« IELTS Writing Task 2: choose the easy opinion | Main | New video lesson »

March 31, 2016


Feed You can follow this conversation by subscribing to the comment feed for this post.

Hi Simon,
please let me know, is it a fine introduction?

The bar charts compare the destination of UK graduates and postgraduates who did not enter into a full-time job after graduation in the year 2008.

The question of introduction dose not mention about tendency of job kinds picked by students.

The bar chart compares figure for part-time work positioned by graduate and postgraduate students who left college in the UK in the year of 2008.

I happened to practice this question just a couple of days ago. I'm wondering if we can consider the proportions of graduates who did part-time work and were unemployed as almost half as many as that of those who did further study?

Here is my answer:

The two bar charts compare the number of British graduates and postgraduates in terms of four different destinations in the year 2008. Figures for full-time employment are not included.

It is clear that the majority of both groups of students chose to continue (with) their studies after obtaining previous degree, while only a small fraction of college leavers worked on a voluntary basis. It is also noticeable that there was a higher proportion of part-time workers among postgraduate students than graduates.

Looking at the first chart, close to 30,000 graduates in the UK went on for a higher degree in 2008, which was the highest figure shown on the chart. By contrast, the number of students that did unpaid work was lowest, at only 3,500. At the same time, the figures for college leavers who worked part-time and who remained jobless were more or less similar, at around 18,000 and 16,000 respectively.

With regard to postgraduate students, the number of those who did further study continued to be the highest, at 2,725, while the least favoured option remained to be voluntary work. However, 2,535 engaged in part-time employment, which was a noticeably greater proportion than that of graduate students. On the other hand, over 1,600 postgraduates were unemployed.

1 - no need to repeat compare and give information
2 - between the kinds of jobs
3 - undergraduates
4 - UK's
5 - completing their degrees
6 - who did not go for a full time job ( copied from the question , not for should be into, job should be jobs)
The bar charts compare the number of graduates and postgraduates in the UK in terms of the work they did after they had finished their study at university excluding full-time work in the year 2008.

The use of 'opt' here is very strange to me because this word should be used for 'making a choice from a range of possibilities' while finding a job is not like buying a product from the supermarket.
I think 'choose' would be a better word instead of 'opt' in this sentence.

The bar graphs give information and compare between the kinds of jobs opted by UK's undergraduate and postgraduate students who did not go for a full time job after completing their degrees in 2008.

1. The first bold lacks some specific detail about the information and is a little bit redundant with "compare".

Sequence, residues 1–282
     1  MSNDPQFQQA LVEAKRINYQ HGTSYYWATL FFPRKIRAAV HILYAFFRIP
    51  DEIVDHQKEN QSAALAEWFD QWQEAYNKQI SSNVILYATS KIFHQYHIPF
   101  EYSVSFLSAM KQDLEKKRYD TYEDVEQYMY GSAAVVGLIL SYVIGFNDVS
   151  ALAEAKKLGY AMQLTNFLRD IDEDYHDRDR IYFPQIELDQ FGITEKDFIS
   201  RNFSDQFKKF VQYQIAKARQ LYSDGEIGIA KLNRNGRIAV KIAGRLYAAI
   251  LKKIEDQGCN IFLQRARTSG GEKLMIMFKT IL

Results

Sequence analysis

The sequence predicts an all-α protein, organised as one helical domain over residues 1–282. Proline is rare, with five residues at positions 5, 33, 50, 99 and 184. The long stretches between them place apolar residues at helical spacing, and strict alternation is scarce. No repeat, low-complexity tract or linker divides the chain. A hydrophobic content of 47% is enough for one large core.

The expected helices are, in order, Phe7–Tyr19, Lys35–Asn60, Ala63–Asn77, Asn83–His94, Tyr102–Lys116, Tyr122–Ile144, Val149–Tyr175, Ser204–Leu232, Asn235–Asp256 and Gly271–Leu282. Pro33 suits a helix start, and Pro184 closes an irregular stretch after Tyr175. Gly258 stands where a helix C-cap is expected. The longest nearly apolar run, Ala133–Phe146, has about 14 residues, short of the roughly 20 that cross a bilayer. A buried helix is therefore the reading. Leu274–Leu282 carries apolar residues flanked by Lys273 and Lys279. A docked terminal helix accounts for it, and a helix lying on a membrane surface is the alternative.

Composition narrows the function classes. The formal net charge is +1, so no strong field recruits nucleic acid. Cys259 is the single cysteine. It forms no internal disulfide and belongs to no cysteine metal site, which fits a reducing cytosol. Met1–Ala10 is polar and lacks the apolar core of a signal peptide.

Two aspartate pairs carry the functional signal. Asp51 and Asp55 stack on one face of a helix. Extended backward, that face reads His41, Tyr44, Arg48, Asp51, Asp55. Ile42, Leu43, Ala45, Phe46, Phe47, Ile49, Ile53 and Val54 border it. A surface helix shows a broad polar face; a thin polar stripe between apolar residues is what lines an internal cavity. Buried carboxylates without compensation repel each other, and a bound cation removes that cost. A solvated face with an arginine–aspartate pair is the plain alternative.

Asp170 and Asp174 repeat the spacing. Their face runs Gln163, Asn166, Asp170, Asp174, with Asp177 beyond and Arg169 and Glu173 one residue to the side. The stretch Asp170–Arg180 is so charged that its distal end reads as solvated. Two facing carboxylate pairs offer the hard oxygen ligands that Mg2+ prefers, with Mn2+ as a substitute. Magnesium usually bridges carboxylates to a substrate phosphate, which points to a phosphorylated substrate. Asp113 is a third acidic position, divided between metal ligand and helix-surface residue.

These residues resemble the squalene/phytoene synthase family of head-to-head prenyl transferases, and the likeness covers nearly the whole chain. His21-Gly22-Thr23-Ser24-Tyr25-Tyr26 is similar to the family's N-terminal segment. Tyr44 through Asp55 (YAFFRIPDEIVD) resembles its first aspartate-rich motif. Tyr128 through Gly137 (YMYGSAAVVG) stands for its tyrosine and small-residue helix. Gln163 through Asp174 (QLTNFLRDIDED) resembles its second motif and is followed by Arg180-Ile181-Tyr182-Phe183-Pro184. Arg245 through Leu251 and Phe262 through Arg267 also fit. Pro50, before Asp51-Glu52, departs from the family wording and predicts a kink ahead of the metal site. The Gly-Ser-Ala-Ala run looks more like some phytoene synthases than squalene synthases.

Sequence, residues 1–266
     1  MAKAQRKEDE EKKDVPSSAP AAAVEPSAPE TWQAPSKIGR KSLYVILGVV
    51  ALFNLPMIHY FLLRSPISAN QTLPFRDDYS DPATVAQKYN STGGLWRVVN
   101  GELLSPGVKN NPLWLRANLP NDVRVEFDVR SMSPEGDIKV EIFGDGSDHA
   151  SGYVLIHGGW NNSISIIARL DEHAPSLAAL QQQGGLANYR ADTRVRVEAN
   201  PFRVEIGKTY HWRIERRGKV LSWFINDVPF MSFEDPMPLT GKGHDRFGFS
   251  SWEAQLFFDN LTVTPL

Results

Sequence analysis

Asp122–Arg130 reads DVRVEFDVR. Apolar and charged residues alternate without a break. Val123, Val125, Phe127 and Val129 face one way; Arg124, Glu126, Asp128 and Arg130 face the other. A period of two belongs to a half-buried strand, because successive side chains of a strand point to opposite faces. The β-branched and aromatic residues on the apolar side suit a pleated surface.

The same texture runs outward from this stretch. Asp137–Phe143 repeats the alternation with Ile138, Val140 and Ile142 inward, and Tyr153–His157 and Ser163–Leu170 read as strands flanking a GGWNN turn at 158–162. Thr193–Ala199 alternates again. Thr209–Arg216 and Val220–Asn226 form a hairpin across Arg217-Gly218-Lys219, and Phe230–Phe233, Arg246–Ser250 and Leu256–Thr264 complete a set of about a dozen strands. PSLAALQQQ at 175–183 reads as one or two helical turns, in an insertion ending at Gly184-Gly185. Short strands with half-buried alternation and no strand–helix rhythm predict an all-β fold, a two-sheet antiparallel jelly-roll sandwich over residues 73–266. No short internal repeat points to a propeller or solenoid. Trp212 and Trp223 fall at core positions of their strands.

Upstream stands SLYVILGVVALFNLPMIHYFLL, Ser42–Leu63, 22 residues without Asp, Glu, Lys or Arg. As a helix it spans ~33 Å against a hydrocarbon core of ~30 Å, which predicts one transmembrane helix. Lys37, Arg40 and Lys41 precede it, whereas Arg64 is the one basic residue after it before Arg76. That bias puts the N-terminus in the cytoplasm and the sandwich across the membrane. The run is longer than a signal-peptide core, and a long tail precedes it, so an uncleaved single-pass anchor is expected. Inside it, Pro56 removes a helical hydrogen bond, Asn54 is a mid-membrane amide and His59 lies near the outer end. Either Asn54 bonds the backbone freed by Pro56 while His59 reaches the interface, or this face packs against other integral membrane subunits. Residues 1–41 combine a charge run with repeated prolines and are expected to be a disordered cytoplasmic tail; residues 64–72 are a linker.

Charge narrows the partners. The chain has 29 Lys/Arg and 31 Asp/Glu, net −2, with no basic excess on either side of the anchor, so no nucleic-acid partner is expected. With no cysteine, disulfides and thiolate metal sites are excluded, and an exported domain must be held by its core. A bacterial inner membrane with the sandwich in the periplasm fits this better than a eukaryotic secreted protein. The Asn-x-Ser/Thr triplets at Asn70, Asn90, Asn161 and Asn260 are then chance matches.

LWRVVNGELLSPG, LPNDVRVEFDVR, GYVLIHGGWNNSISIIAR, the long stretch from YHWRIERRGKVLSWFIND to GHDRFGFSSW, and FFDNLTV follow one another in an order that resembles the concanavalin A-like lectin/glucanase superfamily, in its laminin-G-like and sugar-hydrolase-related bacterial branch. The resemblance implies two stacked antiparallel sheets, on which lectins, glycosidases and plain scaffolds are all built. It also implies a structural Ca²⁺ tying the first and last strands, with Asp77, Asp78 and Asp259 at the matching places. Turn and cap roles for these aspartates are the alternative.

2. "compare" should be followed by "with".
3. replace "opted" with "taken"
4. "UK's" is wired, replace with "in the UK"

Finally, I would like to use "graduating" or "their graduation" rather than "completing their degrees".

The bar charts compared to destinations of UK graduates who were graduated from university in 2008 but didn't employ with a full - time job.

There are several problems:
Noun clause ?
Prepositions : give information ABOUT
Compare with / of OR comparison
Verb : complete use to emphasize that something is as great in extent, degree
Possessive UK’s undergraduate and…(X)

Here are my thoughts on this introduction:

-It is redundant to write"give information and compare" together and can just leave compare sentence.
-"compare the kinds of jobs" is nonsense and it doesn't mention what detail or how they are compared in the bar chart, by percentage or student numbers... etc.
-It doesn't mention which kind of jobs in the bar charts.
-The use of "UK's" is strange and i think the use of "in the UK" is better.

Any feedback on my comments is welcome :)

improved the sentences
The bar graphs give information about / comparisons of jobs opt for undergraduate and postgraduate students in the UK who did not go for a full time job after finishing degrees in 2008.

My suggestion is PTE is the best...

The charts give information about the kind of career selected by British professional students among those not having a permanent job in 2008, right after doing their major.

Could anyone telle the difference between graduate and postgraduate? Are not they the same?

Dear Simon,
I love your website and I am willing to pay for the ebook , but there is one question about how you know that payment is from me if it is payed by my husband. Could you please let me know what the right way to process it? I would appreciate that.
Yours sincerely
Helen Tang

The charts below show what UK graduate and postgraduate students who did not go into full-time work did after leaving college in 2008.

graduate and postgraduate students = undergraduate and postdoc students
after leaving college = after completing their degree

=> The charts give information about what (under)graduate and postdoc students who live in the UK and did not work full-time did after completing their degree in 2008.